While organizations are optimistic about organic growth, the need for efficiency is still the top driver of Human Resources (HR) strategy.

More than ever, organizations are turning to HR to drive business value, so HR initiatives must be aligned with the overall strategic needs and the goals of the business.

In order to meet these non-merger or acquisition-related growth goals, organizations must manage and allocate labour as efficiently and effectively as possible, both in the near and longer-term.

Nonetheless, there still exist challenges embodied by perceptions of operational leaders regarding the strategic impact of HR on the organizations.

Analysis of more than 450 organizations around the world that participated in Aberdeen Group's research report, The 2011 HR Executive's Agenda, shows that, on a scale of 1 to 5 where 5 is very strategic and 1 is very reactive, business leaders on average gave HR a 2.71 in terms of strategic importance and defined as HR being closely tied to business objectives.

However, HR understands how to address this gap. In fact, when asked about the one process HR would automate first, 28 per cent of respondents cited employee data management earning it top priority.

CIO Engagement Is Critical
The CIO has an important role to play in facilitating collaboration between HR and the lines of business through enabling data integration. Visibility into this data and the ability to leverage it to impact business performance requires two things:

 - This data has to be maintained according to labor laws and standards, and updated on regular basis.
 - In many cases, this visibility may require investment in business intelligence or analytics tools that can provide both periodic and real-time reporting.

Agility is the name of the game, and the ability to use accurate historical performance and workforce-related data quickly is crucial. In fact, nearly nine out of ten of organizations using analytics tools have a centralized global repository for all workforce data.

Having a system of record (HRIS/HRMS) for HR is imperative to deal with business leaders' inability to leverage HR data for making better decisions.

And, when this data integrates with business performance data, it drives measurable business outcomes.

The Return on Investment (ROI) — as reflected in Aberdeen's data — can be significant (see below). All of this shifts the CIO role from a supporting function to a leading enabler of success:

 - 20 per cent decrease in unnecessary overtime
 - Two times the improvement in customer satisfaction
 - 13 per cent increase in workforce utilization by 13 per cent

In addition to the impact of analytics tools on workforce optimization strategy, utilizing them in overall talent planning efforts also yields tremendous gains.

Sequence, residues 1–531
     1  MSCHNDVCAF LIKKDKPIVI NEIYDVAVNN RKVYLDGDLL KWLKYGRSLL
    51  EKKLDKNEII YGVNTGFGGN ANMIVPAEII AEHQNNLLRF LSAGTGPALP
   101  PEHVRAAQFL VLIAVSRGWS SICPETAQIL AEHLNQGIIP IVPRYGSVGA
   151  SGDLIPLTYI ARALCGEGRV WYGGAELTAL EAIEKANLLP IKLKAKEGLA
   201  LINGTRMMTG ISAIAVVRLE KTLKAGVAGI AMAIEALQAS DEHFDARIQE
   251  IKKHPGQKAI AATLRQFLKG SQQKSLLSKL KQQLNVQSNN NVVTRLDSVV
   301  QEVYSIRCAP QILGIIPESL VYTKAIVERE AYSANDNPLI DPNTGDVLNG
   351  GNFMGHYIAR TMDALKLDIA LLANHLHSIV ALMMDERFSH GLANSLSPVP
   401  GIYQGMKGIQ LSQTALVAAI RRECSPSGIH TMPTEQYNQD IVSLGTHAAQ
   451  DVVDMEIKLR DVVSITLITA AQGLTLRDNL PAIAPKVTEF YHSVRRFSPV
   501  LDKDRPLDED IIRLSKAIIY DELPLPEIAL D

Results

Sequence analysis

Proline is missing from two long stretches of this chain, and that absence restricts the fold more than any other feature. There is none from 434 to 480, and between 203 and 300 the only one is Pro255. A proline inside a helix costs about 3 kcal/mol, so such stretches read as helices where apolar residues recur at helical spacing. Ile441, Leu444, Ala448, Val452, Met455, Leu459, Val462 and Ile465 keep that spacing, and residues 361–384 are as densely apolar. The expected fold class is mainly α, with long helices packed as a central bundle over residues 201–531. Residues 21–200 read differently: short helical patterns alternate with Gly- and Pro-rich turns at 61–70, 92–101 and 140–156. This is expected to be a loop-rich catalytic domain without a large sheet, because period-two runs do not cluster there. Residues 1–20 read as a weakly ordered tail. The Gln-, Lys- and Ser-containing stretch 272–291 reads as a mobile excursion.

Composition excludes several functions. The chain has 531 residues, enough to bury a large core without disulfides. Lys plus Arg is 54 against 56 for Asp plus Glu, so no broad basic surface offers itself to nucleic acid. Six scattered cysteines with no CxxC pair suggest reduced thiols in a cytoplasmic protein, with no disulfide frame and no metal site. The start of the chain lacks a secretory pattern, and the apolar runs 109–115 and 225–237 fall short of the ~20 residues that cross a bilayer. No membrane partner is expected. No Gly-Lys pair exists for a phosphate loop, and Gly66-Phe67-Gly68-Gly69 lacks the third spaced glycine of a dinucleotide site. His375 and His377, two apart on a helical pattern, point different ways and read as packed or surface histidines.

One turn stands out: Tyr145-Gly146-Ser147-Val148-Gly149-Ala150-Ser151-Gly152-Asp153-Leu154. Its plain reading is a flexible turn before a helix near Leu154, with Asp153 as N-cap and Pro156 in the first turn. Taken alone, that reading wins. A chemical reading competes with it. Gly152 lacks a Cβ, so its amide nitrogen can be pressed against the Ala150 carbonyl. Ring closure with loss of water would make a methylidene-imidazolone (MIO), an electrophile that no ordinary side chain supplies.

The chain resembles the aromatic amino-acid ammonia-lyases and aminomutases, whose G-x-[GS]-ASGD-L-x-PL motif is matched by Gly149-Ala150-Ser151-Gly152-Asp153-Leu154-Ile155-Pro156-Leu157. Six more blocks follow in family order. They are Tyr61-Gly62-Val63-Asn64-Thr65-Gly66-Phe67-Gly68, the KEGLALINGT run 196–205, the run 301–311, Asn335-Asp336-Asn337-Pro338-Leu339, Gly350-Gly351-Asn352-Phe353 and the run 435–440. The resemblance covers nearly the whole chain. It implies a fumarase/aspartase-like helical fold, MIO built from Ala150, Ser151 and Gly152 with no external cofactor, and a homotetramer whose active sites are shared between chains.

Having solid data upon which to build forward-looking recruiting and development efforts to ensure that the organization has the right talent to support business objectives is critical.

Case in Point
One manufacturing company integrated a system of goal setting geared towards improving the leadership ability of their internal teams and achieving excellence in product delivery.

The initiative called for each employee to select two areas in which to improve within a specific timeframe. In addition to frequent touch points between employees and managers, the company adopted a performance dashboard that was shown during quarterly hands on-deck meetings.

This enabled every employee to view the progress of the company, and drill down to see how their own performance impacted on-time shipment - defined by the company as a key operational metric.

Four years after adding the dashboard, the company's revenue had improved seven-fold. In 2008, the company achieved 100% on-time shipment, which is a tremendous accomplishment in its industry.

This is one example of how integrating employee performance data with operational data drives alignment and improves the bottom line.

"In addition to nailing down the business collaboration aspect," said the CEO, "We needed to ensure that our information technology team was on board. Their engagement helped us implement this dashboard and ensured we leveraged its capabilities as intended."

Agility ingredient
Regardless of the economic landscape, organizations that are able to align human capital management initiatives to business priorities are most likely to thrive. And agility is a main ingredient in the recipe for success.

The key to this agility is having visibility into data that enables better decision making. Not only is buy-in from CIOs and their teams a necessity, but their engagement throughout the process of implementing enabling technologies, such as HR management systems, talent management systems and analytics, is crucial in their success and value to the organization.

This engagement propels the CIO role in the organization from a support function to a validated partner in business outcome.

Decisions are only as good as the intelligence upon which they're founded. By partnering with the right stakeholders, business operations and information systems, HR will move the organization another huge step forward towards accomplishing its strategic objectives.

For more research from Aberdeen Group that applies to the CIO, please click Aberdeen's CIO Toolkit.

Jayson Saba is a research analyst, human capital management at Aberdeen Group.

Pic: Blue Diamond Photography cc2.0